The idea behind this liberal rewriting of history is obviously to blame IS on Assad ('they are so evil because he is so evil'), implicityly conflating ('linking') the two, so that those who support fighting ISIS can, perhaps, be talked or pushed into supporting going after Assad, too.

It is a counter-attack to the emerging insight that ISIS is a far greater problem, and that Assad is actually something that we in the West can live with, since what drives Jihadi growth is the destruction of nation states with the accompanying lawlessness.

Those who take that view see Assad and his government as a stabilising force that it would be uinsise to destroy. They are thus uncreceptive to regime change. The regime change crowd tries to counter that by suggesting that in fact Assad is destabilising, is ne not making ISIS worse?

The proponents of regime change try to, in a nutshell, harness the outrage over ISIS to reditect it to Assad, to have their regime change after all.

With these folks, regime change always is the default oucome.

They're one trick pony's in that regard. I can't figure out for myself whether that it is just being unimaginatively doctrinaire, the result of an overemphasis on staying-on-message (doing it 'by the book') or of an active phantasy live that really 'lives the fiction'. To each of the players his own defect I presume.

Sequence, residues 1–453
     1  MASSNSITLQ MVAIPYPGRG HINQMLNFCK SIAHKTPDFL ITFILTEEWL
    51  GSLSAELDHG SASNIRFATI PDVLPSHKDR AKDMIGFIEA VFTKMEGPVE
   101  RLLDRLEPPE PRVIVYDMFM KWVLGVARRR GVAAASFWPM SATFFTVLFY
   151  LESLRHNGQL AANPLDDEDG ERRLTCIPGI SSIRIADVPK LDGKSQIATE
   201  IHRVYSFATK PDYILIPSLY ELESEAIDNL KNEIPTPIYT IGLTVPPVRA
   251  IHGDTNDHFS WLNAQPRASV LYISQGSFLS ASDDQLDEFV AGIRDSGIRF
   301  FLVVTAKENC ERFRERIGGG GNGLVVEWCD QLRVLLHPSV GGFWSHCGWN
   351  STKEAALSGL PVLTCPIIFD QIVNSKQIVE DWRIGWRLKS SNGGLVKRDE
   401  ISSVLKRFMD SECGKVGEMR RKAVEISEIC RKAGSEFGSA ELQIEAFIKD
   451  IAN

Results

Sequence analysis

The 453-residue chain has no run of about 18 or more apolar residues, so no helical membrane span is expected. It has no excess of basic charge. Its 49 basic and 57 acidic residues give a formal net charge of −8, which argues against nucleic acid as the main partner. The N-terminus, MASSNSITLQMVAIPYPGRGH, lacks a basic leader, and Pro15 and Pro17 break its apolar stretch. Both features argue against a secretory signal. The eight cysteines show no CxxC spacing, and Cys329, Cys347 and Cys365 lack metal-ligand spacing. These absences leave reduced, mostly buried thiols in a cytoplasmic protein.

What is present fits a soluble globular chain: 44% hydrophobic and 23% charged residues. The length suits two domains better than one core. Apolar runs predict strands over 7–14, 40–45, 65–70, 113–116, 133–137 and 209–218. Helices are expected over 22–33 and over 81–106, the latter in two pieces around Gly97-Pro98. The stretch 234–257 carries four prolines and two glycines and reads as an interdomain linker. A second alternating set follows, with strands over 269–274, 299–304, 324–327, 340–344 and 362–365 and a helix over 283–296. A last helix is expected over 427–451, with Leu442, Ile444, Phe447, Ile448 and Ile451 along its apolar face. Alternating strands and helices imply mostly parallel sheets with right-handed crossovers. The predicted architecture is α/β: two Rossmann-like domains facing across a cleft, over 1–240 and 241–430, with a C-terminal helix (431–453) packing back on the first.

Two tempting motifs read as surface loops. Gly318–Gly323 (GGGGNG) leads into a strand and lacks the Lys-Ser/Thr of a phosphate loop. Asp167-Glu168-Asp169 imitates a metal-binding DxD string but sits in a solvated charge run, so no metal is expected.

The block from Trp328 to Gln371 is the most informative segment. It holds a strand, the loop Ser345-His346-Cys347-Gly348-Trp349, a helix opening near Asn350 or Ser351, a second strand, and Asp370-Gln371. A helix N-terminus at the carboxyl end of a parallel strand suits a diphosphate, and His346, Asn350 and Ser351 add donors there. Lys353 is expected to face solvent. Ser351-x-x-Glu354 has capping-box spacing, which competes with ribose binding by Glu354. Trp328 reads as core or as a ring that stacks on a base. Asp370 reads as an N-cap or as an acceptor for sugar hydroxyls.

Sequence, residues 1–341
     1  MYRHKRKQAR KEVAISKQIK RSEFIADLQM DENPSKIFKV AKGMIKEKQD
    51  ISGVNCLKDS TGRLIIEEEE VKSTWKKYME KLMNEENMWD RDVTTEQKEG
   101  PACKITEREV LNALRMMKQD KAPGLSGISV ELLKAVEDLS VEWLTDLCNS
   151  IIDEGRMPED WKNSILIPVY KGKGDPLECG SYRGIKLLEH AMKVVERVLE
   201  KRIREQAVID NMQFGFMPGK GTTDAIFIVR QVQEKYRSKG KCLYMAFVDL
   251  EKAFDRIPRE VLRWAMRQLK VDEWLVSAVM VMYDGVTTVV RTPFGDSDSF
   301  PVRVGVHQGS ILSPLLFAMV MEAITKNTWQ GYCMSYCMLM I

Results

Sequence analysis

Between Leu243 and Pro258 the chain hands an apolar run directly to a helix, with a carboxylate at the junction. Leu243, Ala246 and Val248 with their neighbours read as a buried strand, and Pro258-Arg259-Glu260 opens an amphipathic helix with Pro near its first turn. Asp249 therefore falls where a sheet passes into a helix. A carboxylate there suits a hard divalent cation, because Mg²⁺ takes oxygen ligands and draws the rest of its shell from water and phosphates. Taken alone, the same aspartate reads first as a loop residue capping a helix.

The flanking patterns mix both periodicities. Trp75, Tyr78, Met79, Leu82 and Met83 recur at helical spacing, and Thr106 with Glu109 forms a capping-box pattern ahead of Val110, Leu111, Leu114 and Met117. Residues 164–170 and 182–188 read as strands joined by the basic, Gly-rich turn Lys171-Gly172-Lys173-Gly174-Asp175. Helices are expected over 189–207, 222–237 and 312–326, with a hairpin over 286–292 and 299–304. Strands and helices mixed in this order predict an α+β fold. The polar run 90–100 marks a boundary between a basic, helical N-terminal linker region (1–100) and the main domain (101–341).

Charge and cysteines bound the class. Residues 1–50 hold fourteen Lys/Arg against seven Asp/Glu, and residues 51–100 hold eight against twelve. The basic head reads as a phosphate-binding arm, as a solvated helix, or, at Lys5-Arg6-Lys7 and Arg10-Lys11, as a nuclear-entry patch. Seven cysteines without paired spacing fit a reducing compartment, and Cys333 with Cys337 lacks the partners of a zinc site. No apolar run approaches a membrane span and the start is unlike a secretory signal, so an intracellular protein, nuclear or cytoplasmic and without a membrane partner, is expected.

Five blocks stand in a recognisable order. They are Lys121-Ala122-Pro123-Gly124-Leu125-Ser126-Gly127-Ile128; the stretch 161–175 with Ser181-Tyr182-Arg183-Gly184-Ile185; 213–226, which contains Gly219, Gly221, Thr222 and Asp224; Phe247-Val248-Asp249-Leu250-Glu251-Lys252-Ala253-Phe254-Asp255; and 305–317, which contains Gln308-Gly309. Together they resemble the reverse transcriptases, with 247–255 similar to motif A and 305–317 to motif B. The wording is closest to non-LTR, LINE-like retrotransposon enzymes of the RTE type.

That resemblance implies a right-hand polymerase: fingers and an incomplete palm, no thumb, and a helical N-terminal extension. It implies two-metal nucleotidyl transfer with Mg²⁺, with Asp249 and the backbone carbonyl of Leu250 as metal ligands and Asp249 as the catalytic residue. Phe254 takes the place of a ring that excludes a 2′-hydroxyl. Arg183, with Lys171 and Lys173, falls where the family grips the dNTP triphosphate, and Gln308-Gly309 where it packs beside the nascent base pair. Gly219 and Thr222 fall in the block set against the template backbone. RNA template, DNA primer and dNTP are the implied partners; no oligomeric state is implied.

They would make a parallel effort to suggest that a post-assad Syria would be a cool place to be (if you don't mind smoking, having a beer, sending your girls to school or paying that special tax), and totally stable with a democratic 'Islamist lite' government.

The conference in Ryad IMO was about that, and failed. Iirc the first point of contention was the idea that a future Syria should be democtratic wheras the various jihadi groups invited were unanimous that it would have to be a Sharia state.

That the internally displayed statistics document Sunnis going back to Assad territory flies in the face of the claims that Assadd is the worst, and making ISIS worse. It speaks for itself that they, even as Sunni, appear to rather want to put up with Assad and his flaws than with the Jihadis and their 'quirks'.

It underlines the accuracy FB Ali's observation about the sectarian character of the Jihad or Islamaist groups (all of them - ISIS, Muslim brotherhood, Al Qaeda derivates Jahbat al-Nusra or Ansar al-Sham) - they all reject democracy for Syria and they all want Syria to be a Sharia law state: